Q: I am a Northeast Philly landlord. I have several duplexes and homes in the area. I have concerns about the new Lead-Based Paint Law for landlords and how I apply it. No doubt I will be passing any costs down to the tenant, which is not my fault, but in what other way does this new law limit me?
A: Lead-based paint poses serious health risks and is expected to have been used in all propertied build in Philadelphia prior to 1978, before lead paint was deemed harmful and banned. Before Dec. 21, 2012, requirements for home sellers and landlords included disclosing this fact and providing buyers and renters with the EPA brochure, “Protect Your Family from Lead in Your Home.” continue reading »
Q: I’ve rented out my house in Tacony, but I need to move back because I’m getting divorced. Can I evict my tenants? It’s only six months into their lease. They are very nice and pay their rent on time, but I don’t want to have to find a place and pay rent when I already have a house. What are my options?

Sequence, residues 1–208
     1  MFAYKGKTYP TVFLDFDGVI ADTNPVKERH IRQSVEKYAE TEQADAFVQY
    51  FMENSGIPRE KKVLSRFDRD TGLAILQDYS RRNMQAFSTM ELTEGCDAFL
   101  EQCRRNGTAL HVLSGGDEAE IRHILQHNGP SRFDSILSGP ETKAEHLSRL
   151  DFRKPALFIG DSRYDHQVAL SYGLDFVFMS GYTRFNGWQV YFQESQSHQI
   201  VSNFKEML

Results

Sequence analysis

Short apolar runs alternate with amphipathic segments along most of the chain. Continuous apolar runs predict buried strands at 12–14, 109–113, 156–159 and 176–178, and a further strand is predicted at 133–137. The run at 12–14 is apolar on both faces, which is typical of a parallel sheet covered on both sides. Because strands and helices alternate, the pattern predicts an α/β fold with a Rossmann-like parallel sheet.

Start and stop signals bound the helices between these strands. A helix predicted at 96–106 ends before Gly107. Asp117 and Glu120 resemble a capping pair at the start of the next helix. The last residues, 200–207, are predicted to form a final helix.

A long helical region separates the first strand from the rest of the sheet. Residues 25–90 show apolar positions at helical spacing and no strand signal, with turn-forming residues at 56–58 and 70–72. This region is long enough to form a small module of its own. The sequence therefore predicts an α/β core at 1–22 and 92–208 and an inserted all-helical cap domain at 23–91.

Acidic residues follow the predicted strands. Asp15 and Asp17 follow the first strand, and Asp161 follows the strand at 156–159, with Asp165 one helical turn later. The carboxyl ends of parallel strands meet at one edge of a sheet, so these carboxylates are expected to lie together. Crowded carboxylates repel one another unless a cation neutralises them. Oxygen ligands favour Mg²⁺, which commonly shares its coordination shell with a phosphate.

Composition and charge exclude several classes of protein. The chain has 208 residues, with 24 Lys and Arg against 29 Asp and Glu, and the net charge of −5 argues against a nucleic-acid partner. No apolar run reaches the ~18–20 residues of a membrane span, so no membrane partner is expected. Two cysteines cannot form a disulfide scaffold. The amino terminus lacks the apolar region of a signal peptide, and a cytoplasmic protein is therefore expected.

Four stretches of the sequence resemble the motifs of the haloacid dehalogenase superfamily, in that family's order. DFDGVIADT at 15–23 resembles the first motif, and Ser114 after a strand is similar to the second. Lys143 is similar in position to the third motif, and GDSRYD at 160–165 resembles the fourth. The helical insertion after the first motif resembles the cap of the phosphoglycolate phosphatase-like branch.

A: A lease between a landlord and a tenant is a legal contract. Neither a tenant nor a landlord may change or break a lease while it is in effect unless the other person agrees. continue reading »
Q: I own and live in a 2-bedroom upstairs and 1-bedroom downstairs duplex in Fox Chase. I am getting married and moving to a single home this summer. I currently have a tenant in the 2-bedroom unit paying $650 a month. It doesn’t seem worth it to me to keep renting it out. Would it be smarter to sell my duplex or keep it and rent it out?
A: Your decision, whether to rent your duplex or sell it, should be made based on your financial needs. If you don’t need the money to move, and any mortgage you may have on the property is not higher than rent, then I would recommend holding on to your duplex for a while and garner a second income while waiting for the equity to increase. continue reading »
Q: I have a house for rent in Rhawnhurst for $,1200. I have had a few people fill out applications, but nobody has been able to provide me with a credit score of 650 or above. Is this an unreasonable request? Should I lower my standards?
A: As you may know, some people are forced to rent – although they would prefer to own – because they do not meet the minimum credit score required to buy. With your qualification of a 650 credit score, you’ve actually made it harder to rent your property than to buy a home. Many mortgage lenders only require a minimum score of 620. continue reading »